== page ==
• A problem with conventional control systems that shut down on the occurrence of a fault is that they prevent use of the system, which can be problematic in certain situations. For example, if the fluid pump is a fuel pump for a vehicle, shutting down the fuel pump prevents operation of the vehicle.
  • SUMMARY OF INVENTION
  • In accordance with the present disclosure, a system, apparatus and method for controlling a device, such as a fluid pump or the like, minimize or eliminate fault conditions that would otherwise prevent operation of the device. For example, a fluid pumping system provides indicators regarding system functionality. In response to potential fault conditions, the system can take actions to maintain safe system operation so as to prevent the occurrence of a fault condition while also providing alerts to potential fault conditions. Exemplary indicators include a) a low voltage condition, which may be caused by a defective battery, a defective alternator, a cold start condition, b) irregular pressure readings, which may indicate a higher than normal flow restriction, c) pump starts with no load, which may indicate a dry running condition, and d) high temperature conditions.
  • When any of the above or other conditions are detected, the system may take appropriate action. For example, during a low voltage condition the system may command the pump to run at a reduced speed, thereby preventing a system shutdown and enabling system operation with limited power availability. Should a no load condition be detected, the system may increase pump speed to remove air from the system. If load does not increase within a prescribed time, then the system may be shut down. Regarding a high temperature condition, the system may run the pump at a reduced speed to protect mechanical and/or electronic components.
  • In addition, the system may save information regarding occurrences of irregular conditions such as over current, under voltage and over temperature conditions. This information may be saved within a memory unit of the pump and accessed when servicing the pump, or when the pump is returned through the warranty process.
  • According to one aspect of the invention, a fluid pumping system includes: a fluid pump; an actuator coupled to said fluid pump; and a controller operatively coupled to said actuator, the controller configured to detect an irregular condition of at least one of the fluid pump, the actuator or the controller, and upon detecting the irregular condition, modify at least one operating parameter of the actuator to prevent the irregular condition from transitioning to a fault condition.
  • In one embodiment, the fluid pump comprises at least one of a fuel pump, an oil pump or a water pump.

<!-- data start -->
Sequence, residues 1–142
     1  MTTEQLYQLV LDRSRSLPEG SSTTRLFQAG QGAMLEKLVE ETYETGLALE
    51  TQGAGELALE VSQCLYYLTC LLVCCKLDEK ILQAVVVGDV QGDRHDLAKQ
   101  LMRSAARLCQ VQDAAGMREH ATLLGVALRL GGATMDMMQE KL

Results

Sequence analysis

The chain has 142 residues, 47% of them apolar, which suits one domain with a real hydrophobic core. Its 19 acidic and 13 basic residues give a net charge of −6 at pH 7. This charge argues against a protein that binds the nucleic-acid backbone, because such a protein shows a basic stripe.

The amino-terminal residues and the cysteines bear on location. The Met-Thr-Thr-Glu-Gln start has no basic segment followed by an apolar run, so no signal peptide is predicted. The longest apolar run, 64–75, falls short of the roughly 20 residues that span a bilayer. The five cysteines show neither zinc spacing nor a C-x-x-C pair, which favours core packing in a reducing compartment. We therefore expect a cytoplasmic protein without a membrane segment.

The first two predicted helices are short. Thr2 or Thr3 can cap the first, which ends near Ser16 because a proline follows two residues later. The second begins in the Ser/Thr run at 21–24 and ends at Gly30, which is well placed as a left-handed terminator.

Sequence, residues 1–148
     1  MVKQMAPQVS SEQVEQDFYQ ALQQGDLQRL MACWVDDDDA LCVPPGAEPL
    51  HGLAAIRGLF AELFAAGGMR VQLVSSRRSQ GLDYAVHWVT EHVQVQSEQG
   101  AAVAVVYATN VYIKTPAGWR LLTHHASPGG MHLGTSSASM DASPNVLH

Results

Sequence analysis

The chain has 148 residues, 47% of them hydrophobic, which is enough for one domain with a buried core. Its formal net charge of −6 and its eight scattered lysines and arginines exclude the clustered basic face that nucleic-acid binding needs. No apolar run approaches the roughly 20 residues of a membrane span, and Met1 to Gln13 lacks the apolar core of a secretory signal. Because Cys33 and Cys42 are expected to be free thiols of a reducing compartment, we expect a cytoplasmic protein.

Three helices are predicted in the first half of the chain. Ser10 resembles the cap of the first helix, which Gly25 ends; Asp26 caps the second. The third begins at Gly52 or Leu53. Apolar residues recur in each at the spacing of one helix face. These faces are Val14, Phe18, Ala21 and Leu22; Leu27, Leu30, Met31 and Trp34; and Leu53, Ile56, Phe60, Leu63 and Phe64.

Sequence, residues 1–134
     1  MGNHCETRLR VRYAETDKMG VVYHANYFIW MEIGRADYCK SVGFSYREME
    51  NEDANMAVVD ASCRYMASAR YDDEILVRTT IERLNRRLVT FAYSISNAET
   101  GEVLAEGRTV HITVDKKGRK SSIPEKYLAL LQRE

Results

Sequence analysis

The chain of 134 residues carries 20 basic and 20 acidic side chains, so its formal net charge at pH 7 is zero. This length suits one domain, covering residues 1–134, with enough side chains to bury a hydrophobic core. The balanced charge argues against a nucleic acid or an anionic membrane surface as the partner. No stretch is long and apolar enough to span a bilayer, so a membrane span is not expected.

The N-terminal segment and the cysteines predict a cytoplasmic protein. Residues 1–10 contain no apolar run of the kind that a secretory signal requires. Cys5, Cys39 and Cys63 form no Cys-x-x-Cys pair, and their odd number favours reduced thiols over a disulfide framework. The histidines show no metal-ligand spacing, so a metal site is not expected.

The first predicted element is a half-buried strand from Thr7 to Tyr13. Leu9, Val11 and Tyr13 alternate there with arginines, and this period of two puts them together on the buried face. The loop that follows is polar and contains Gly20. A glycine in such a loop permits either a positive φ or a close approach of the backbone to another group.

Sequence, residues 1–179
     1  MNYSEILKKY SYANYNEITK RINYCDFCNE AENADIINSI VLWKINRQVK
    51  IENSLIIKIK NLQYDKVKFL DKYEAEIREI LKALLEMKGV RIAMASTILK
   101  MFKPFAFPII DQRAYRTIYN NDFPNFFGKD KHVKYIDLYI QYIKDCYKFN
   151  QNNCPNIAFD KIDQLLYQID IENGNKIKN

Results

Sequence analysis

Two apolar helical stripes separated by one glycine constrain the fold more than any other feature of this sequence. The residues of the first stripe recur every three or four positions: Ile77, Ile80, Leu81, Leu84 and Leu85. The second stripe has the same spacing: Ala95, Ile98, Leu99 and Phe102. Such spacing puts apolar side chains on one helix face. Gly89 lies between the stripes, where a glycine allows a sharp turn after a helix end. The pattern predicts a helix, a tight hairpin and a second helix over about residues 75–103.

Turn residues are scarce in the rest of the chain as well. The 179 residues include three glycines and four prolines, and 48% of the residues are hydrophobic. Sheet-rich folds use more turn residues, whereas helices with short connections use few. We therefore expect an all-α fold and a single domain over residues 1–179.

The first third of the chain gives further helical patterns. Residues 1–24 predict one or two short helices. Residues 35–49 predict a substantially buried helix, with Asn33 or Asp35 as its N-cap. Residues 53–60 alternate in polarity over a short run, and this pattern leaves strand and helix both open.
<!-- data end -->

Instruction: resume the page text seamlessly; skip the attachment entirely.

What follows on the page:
• In one embodiment, the actuator comprises an electric motor.
  • In one embodiment, the irregular condition comprises at least one of a low voltage condition, a fluid pressure condition, a no-load condition, or a high-temperature condition.
  • In one embodiment, when fluid pressure at the fluid pump is less than a predetermined pressure, the controller is configured to conclude the system is in a no-load start up condition.
  • In one embodiment, during the no-load startup condition the controller is configured to command the actuator to increase a speed of the fluid pump.
  • In one embodiment, the controller is configured to stop the actuator when the pressure at the fluid pump does not exceed the predetermined pressure and a predetermined time period has elapsed.
  • In one embodiment, the system includes a variable flow device in fluid communication with the fluid pump, wherein when fluid pressure at the fluid pump is greater than a predetermined pressure, the controller is configured to command the actuator to decrease a speed of the fluid pump.
  • In one embodiment, when the fluid pressure at the fluid pump is greater than the predetermined pressure, the controller is configured to provide an alert indicating the variable flow device requires maintenance.
  • In one embodiment, wherein the controller is configured to monitor an actual temperature of at least one of the fluid pump, a fluid in the system, the actuator, or the controller, and upon the actual temperature exceeding a corresponding predetermined temperature, the controller is configured to command the actuator to reduce a speed of the fluid pump.
  • In one embodiment, the controller is configured to provide an alert indicating the actual temperature has exceeded the predetermined threshold temperature.
  • According to one aspect of the invention, a controller for controlling a fluid pump via an actuator coupled to the fluid pump includes: a processor and memory; and logic stored in the memory and executable by the processor, the logic including logic configured to detect an irregular condition of at least one of the fluid pump, the actuator or the controller, and logic, upon detecting the irregular condition, configured to modify at least one operating parameter of the actuator to prevent the irregular condition from transitioning to a fault condition.
  • In one embodiment, the irregular condition comprises at least one of a low voltage condition, an irregular fluid pressure condition, a no-load condition, or a high-temperature condition.